The Problem Of Qualified Immunity In K-12 Schools, Sarah Smith Feb 2022

The Problem Of Qualified Immunity In K-12 Schools, Sarah Smith

Arkansas Law Review

When thirteen-year-old Savana Redding arrived at school one autumn day in 2003, she was not expecting to be pulled out of her math class and strip searched. But, that is exactly what happened after the assistant principal suspected her of possessing and distributing “prescription-strength ibuprofen” and “over-the-counter. . .naproxen” after receiving information from another student. After Savana consented to a search of her backpack and other belongings—a search which turned up no evidence of drug possession—the assistant principal asked the school nurse and administrative assistant to search Savana’s clothes. To do this, the school officials asked Savana “to remove her …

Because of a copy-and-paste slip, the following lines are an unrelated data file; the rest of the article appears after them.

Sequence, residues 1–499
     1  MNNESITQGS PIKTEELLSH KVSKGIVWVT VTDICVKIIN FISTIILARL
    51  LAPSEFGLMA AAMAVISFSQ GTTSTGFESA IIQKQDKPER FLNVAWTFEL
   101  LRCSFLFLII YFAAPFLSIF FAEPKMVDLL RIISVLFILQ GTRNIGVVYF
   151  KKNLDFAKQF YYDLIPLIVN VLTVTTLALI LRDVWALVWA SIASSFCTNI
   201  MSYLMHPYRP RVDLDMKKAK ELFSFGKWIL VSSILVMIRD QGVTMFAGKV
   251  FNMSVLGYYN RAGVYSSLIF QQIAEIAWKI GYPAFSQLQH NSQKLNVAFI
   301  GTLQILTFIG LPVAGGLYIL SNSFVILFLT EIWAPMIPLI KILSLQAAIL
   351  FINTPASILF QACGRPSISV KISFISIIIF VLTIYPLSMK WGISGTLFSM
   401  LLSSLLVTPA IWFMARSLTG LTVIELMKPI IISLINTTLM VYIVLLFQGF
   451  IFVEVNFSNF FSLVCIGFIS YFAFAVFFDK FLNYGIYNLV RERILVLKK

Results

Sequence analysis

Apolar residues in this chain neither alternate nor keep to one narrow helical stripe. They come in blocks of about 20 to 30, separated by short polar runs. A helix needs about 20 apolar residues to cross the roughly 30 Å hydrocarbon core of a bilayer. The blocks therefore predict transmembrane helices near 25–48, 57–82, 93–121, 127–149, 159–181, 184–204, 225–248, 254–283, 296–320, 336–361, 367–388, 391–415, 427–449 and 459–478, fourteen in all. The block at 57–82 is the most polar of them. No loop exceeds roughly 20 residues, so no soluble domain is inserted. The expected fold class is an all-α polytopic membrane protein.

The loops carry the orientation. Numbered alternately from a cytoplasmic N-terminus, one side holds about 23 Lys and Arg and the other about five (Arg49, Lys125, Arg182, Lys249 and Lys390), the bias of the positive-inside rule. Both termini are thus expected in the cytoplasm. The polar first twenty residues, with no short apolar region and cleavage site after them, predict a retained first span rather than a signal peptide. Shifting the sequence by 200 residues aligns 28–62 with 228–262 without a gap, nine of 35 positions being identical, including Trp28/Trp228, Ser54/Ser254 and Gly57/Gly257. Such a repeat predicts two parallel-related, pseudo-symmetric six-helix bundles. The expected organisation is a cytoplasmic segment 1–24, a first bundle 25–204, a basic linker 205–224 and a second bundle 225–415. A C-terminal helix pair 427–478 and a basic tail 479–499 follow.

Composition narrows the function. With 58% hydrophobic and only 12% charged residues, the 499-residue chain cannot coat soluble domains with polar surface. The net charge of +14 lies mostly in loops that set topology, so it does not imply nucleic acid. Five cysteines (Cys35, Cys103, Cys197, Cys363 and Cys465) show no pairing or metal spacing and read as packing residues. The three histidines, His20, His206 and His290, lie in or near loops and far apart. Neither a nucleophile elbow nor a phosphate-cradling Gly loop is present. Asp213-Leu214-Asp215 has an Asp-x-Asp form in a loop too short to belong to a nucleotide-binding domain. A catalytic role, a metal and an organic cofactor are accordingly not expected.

Tech And Authoritarianism: How The People’S Republic Of China Is Using Data To Control Hong Kong And Why The U.S. Is Vulnerable, Bryce Neary Jan 2022

Tech And Authoritarianism: How The People’S Republic Of China Is Using Data To Control Hong Kong And Why The U.S. Is Vulnerable, Bryce Neary

Seattle Journal of Technology, Environmental & Innovation Law

The aim of this article is to analyze and compare current events in the People's Republic of China and the United States to discuss the moral dilemmas that arise when establishing the boundary between national security interests and individual privacy rights. As we continue to intertwine our lives with technology, it has become increasingly important to establish clear privacy rights. The question then becomes: at what point should individuals sacrifice their rights for what the government considers the "greater good" of the country?